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Developmental Immunology
Volume 1, Issue 4, Pages 265-277

Successful Xenogeneic Transplantation in Embryos: Induction of Tolerance by Extrathymic Chick Tissue Grafted into Quail

1lnstitut d'Embryologie cellulaire et moléculaire du CNRS et du Collège de France, 49bis, Avenue de la Belle-Gabrielle, Nogent-sur-Marne Cédex 94736, France
2School of Human Sciences, Waseda University, 2-579-15 Mikajima, Tokotozawa, Saitama 359, Japan

Received 4 March 1991; Accepted 12 March 1991

Copyright © 1991 Hindawi Publishing Corporation. This is an open access article distributed under the Creative Commons Attribution License, which permits unrestricted use, distribution, and reproduction in any medium, provided the original work is properly cited.


In previous experiments, we have demonstrated that limb buds engrafted during embryonic life at E4, between MHC-mismatched chick embryos, are not only tolerated after birth, but induce in the recipient a state of split tolerance toward cells expressing the donor MHC haplotype: donor's skin grafts are permanently tolerated while a proliferative response of host's T cells is generated in MLR by donor–type blood cells. If the same experiment is performed, using quail embryo as a donor and chick as a recipient, acute rejection of the quail limb starts during the first two weeks after birth, thus suggesting that the peripheral type of tolerance induced in these experiments can be obtained only in allogeneic but not in xenogeneic combinations.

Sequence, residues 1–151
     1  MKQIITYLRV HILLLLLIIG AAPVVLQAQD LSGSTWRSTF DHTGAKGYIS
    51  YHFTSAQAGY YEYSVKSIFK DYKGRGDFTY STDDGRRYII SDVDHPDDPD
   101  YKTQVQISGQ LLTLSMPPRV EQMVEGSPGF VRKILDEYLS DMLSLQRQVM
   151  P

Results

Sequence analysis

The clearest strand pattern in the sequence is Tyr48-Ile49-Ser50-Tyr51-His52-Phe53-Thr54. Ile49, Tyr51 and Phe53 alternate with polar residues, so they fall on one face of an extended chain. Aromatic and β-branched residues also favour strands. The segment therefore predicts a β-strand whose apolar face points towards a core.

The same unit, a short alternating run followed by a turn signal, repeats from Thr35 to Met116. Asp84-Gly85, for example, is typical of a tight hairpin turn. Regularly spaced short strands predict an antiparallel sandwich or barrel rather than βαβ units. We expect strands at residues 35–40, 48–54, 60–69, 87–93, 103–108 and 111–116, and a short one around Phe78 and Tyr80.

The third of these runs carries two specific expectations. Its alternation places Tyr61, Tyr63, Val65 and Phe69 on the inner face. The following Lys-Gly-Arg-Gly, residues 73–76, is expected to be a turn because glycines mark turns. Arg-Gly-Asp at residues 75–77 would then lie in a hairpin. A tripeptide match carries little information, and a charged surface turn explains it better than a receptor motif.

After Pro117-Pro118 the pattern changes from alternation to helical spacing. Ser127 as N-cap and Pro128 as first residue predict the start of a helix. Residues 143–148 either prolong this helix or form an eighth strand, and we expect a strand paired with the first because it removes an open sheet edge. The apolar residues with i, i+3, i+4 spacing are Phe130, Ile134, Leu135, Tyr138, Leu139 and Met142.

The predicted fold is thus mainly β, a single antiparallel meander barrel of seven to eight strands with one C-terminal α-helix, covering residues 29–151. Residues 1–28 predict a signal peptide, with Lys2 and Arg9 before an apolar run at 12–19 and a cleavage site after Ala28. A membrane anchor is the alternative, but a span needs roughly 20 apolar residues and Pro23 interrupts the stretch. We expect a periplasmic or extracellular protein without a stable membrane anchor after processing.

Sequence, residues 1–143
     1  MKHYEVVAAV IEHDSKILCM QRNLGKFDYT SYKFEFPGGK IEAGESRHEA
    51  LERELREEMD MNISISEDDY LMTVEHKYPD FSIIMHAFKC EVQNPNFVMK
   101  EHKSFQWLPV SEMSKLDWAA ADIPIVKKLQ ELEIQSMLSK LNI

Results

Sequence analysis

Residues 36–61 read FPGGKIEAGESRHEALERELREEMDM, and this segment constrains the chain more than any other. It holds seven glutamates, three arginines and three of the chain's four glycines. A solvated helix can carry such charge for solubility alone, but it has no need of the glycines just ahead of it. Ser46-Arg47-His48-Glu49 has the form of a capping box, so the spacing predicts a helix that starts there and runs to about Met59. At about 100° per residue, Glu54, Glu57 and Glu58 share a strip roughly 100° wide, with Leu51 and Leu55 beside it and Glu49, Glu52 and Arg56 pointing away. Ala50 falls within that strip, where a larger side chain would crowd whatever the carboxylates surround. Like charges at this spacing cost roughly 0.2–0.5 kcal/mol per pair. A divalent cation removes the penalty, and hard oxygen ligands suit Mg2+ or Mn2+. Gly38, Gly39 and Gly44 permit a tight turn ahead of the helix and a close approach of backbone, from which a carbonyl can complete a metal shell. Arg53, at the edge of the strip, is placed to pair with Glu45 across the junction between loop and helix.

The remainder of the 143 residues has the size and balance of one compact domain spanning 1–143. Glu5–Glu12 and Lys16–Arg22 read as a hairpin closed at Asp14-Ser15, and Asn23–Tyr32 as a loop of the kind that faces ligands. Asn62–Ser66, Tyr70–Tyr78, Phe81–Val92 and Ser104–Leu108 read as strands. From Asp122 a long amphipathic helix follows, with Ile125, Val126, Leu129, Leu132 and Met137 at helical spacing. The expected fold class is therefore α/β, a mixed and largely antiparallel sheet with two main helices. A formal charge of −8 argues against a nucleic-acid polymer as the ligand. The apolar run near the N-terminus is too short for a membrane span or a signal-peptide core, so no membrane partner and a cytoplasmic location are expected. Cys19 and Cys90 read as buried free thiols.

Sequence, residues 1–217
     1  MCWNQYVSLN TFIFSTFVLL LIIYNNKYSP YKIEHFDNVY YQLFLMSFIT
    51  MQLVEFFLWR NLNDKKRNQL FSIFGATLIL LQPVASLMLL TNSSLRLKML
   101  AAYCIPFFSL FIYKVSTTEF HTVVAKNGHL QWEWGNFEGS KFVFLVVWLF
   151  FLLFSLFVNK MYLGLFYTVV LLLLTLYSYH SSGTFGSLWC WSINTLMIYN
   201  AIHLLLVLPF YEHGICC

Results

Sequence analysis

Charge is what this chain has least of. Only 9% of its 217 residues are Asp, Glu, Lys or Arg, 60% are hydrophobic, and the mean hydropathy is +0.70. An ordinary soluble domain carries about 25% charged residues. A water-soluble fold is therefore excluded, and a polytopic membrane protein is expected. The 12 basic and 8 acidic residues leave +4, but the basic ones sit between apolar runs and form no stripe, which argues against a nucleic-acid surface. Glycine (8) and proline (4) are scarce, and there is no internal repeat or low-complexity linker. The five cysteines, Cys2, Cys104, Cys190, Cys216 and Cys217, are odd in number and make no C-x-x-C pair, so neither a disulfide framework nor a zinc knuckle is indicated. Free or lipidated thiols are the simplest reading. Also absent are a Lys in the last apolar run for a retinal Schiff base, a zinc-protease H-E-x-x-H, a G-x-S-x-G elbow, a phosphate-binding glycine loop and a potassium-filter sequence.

We report here the unexpected result that when a chick limb bud is grafted into a quail at E4, it is tolerated and, like allogeneic grafts in chickens, induces adult skin-graft tolerance without modifying the MLR response. Similar results were obtained with grafts from another closely related species of bird, the guinea fowl from the Phasianidae family. In contrast, xenogeneic combinations involving more distant species (chick and quail as recipients and duck, an Anatidae, as donor) resulted in strong and early rejection from both recipients. As a whole, quails exhibit a greater ability than the chick to become tolerant to antigens presented peripherally from early developmental stages. In adult quails, however, skin grafts performed in either direction (i.e., quail to chick or the reverse) are rejected according to a similar temporal pattern. Moreover, lymphocytes of both species are able to respond equally well to quail or chick IL-2. Several hypotheses are envisaged to account for these observations. It seems likely that this type of tolerance is directly related to antigenic load because the load in chick to quail wing chimeras is larger than that in quail to chick chimeras. This view is supported by the protracted delay in graft rejection observed when two quail wing buds instead of one are grafted into chickens.